The Secret of the Golden Flower, 2012

Software, LCD Screen, Metal & Plastic Laminate, Enamel & Latex Paint, Wall Paper, Acrylic Plastic, Magnifying Dome

22 x 29 x 14.5 inches

Edition of 3

Nam June Paik transformed TV screens into sculptural elements. His work influenced (and gave permission to me for) the elaborate physical construction of this piece.

Conceptually there are parallels to be made with Paik's important work "TV Buddah", where a statue of a Buddah contemplates his own live video image. In the middle layer of "The Secret of the Golden Flower", the screen and mirror face each other forming a similar self-reflection. Both works make use of the screen as a medium for meditation.

This piece hides the ever changing computer image from direct view, the object of meditation can never be directly perceived, and our desire to see the whole picture can never be fully satisfied.

The software is simple to describe but impossible to predict. There is only one rule: return to the center. When we meditate we sit quietly, centered, and if a thought arises we let it pass and return our mind to the center. The software starts with a mass of boxes, a metaphor for the restless mind filled with thoughts. As each box moves, the position of the center is changed, and thus starts an endlessly shifting movement, sometimes calm and often swarming, flocking and chaotic.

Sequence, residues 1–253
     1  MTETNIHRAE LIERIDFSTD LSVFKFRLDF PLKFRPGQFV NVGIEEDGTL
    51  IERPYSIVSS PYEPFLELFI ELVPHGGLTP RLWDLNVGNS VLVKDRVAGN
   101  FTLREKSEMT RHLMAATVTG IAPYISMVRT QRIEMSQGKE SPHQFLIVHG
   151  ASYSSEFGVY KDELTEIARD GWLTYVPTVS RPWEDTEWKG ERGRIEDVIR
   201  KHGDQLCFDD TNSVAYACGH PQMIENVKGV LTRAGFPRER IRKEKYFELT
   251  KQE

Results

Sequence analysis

A chrysanthemum is pictured on the top layers. The word chrysanthemum means "gold flower". The book that lends its name to the title of this piece, "The Secret of the Golden Flower" is an ancient Taoist text. It describes a meditation technique called "turning the light around". This technique teaches the process of self-reflection which is represented metaphorically by the mirror/screen in the middle layer of the piece.

The translation of the text, "The Secret of the Golden Flower'", by Richard Wilhelm, contains a very well known and influential commentary by C. G. Jung in which Jung attempts to reconcile western and eastern ideas about inner meditative practices. The piece also tries to bring together opposites, not so much geographic opposites, but different spiritually defined approaches to the same unknowable center.


Digital Paintings, Louisiana Art & Science Museum, Baton Rouge, LA


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